By Robert Strohmeyer, PCWorldFeb 8, 2009 5:51 am PST
I don’t care if print is dead, or if it’s just resting a while. What I do care about is getting the best, most versatile access to information when and where I need it. And for this, I’ve come to depend on my Amazon Kindle. While the rest of the tech world is busy kvetching over the forthcoming second-gen Kindle‘s design aesthetics and its admittedly hefty $359 price tag, I’m wondering only one thing: Will it make me want to upgrade?
I’ve been carrying a Kindle for a little over a year now. I’ve purchased a few dozen books for it, some of which I already owned in print. For me, it’s been the ultimate traveling companion.
To a serious road warrior, it’s not easy making a good case for adding yet another device to the gig bag. Between the bulk of a business laptop and the clutter of cables and power bricks, there’s generally not a lot of room left for niceties. Yet as someone who works constantly between multiple locations, spends a week at a time on the road, and kills hours a day in transit, I’ve come to consider my Kindle an indispensible business tool.
Forget the look and feel of paper. Never mind design aesthetics. My first-gen Kindle has all the visual charm of a Star Wars Imperial Cruiser. It’s blocky and clunky, but I love it for its sheer utility. Apart from the plastic Coleman wrist watch that I bought for $9 at Target a decade ago and still wear to this day in spite of several much pricier watches I’ve received as gifts in the intervening years, no single other device has ever proven itself as downright functional to me as my Kindle. I’ve never been able to say anything like that about any iPod, cell phone, or laptop.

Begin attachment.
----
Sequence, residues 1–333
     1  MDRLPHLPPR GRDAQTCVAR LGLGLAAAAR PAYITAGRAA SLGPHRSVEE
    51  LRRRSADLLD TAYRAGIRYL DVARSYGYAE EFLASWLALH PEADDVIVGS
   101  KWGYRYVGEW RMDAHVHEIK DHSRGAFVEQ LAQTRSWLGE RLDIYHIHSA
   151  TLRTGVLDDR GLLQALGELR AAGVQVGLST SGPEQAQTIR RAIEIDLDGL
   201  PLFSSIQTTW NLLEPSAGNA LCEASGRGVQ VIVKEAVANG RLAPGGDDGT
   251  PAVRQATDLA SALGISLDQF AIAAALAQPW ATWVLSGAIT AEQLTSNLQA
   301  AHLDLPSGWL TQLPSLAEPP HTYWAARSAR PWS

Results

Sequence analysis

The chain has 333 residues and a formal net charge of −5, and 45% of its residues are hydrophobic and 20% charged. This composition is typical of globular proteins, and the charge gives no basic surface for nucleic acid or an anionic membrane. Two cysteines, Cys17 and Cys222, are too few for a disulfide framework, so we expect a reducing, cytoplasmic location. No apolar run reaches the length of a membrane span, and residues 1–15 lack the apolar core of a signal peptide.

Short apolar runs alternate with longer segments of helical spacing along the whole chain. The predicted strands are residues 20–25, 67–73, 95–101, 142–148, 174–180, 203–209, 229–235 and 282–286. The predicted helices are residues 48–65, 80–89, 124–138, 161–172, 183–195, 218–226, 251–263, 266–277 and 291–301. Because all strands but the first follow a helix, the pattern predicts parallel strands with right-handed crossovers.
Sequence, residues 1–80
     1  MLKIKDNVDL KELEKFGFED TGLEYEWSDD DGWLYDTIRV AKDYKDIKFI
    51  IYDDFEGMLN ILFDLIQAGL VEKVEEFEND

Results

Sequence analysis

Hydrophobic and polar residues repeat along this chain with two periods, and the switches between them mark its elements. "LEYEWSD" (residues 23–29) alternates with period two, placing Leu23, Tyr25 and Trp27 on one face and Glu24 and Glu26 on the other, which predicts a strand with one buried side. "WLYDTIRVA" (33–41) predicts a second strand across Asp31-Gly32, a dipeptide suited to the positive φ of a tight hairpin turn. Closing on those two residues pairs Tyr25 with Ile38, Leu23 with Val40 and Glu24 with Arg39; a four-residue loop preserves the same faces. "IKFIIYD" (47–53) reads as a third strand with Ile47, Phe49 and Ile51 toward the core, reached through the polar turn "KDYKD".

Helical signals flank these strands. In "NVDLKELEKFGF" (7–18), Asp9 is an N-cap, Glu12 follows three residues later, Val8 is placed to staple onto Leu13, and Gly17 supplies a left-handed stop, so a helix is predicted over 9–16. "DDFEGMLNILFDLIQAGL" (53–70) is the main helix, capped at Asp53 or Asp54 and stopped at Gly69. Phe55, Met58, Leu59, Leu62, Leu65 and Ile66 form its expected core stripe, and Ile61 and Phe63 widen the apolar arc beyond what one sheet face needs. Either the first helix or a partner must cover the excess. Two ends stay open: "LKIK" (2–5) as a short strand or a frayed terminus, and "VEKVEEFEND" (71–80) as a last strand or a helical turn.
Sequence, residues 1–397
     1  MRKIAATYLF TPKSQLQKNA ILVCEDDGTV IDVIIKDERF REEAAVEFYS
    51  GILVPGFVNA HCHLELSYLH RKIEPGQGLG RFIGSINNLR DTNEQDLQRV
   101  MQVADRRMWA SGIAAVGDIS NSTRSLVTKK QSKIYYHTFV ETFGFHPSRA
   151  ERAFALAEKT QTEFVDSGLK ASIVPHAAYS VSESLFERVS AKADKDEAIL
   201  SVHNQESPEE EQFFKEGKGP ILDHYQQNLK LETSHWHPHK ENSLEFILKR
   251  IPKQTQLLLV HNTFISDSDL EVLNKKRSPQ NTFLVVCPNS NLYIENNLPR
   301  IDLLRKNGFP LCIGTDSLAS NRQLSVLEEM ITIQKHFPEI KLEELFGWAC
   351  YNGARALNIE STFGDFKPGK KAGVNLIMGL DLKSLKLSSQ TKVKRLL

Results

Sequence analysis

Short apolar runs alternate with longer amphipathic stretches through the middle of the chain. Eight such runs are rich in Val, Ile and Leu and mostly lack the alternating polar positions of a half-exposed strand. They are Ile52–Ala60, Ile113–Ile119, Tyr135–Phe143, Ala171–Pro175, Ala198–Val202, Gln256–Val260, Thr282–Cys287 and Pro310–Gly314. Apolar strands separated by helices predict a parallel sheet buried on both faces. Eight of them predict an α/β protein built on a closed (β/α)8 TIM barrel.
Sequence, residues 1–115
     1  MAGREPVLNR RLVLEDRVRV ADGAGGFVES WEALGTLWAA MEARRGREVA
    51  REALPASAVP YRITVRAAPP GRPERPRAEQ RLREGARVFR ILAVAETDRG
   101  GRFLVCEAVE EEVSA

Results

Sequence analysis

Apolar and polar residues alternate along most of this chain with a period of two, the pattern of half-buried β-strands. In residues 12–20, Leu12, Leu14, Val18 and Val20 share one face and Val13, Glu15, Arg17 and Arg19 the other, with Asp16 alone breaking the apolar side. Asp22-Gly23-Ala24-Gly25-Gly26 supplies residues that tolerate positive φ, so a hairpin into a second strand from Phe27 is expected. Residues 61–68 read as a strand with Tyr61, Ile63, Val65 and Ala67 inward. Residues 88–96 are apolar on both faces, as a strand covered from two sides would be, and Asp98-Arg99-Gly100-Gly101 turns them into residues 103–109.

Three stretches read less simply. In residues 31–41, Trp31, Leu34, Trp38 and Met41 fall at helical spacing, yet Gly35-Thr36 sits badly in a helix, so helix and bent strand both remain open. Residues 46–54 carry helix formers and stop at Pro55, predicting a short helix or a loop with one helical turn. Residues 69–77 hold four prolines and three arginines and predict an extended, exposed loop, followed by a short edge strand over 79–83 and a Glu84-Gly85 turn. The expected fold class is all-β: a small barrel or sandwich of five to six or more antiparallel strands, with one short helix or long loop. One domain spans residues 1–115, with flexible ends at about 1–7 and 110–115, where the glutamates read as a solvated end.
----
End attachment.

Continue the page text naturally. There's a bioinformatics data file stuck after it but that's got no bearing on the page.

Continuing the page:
No matter where I go, I always have access to the books I need most for my work and pleasure. Between the Kindle’s built-in memory and the 2GB SD card that’s hidden under the battery compartment, I’ll probably never run out of book storage for the life of this device. That’s a lot more than I can say for the multitude of overflowing bookshelves that are scattered around my home.
When I need a technical manual, I either have it on my Kindle or I can get it there in minutes via the device’s EVDO wireless connection. If want to unwind on a flight and don’t feel like pulling out my laptop, I can choose from among several new books I’ve got loaded. And if I want to grab a new title by some author I just heard on the radio, I can download it within the minute.
Lest this little missive turn out to be nothing more than an ode to my beloved eBook reader, I should point out that there are a few problems with the device. For one, its wireless connection only works in the United States. That means I lose the ability to grab new Kindle books when I’m traveling internationally. For another, it’s a little too easy to download new titles on a whim, usually for less than ten bucks each. So my lifelong vice of buying new books faster than I can read them has only gotten worse. But at least now my newly acquired books don’t accumulate in stacks along the hallway due to lack of shelving space to store them.
As I write this, scant details have surfaced about the Kindle 2’s features, so I have no way of knowing whether I’d feel compelled to upgrade. I’m hoping I won’t, of course, because these things are pricey. And to be honest, I’m not even sure what it would take to make me jump to the new model. A built-in light for reading in dim locales would be compelling, but it hardly seems likely. I certainly wouldn’t mind the new, thinner design, but it’s not enough to make me abandon my existing model. The truth is that the old Kindle is so good at what it does, that it would take a serious technological breakthrough to make me leap to something else. (My colleague, however, has a wish list ready).
Ultimately, even if the new Kindle isn’t a major advancement from the first model, it’s still poised to be the best eBook reader ever made. After all, its only serious competition is its own predecessor. And while that–in my opinion–is some pretty serious competition, the launch of a new standard bearer in eBooks can only be good news for any road warrior who loves to read.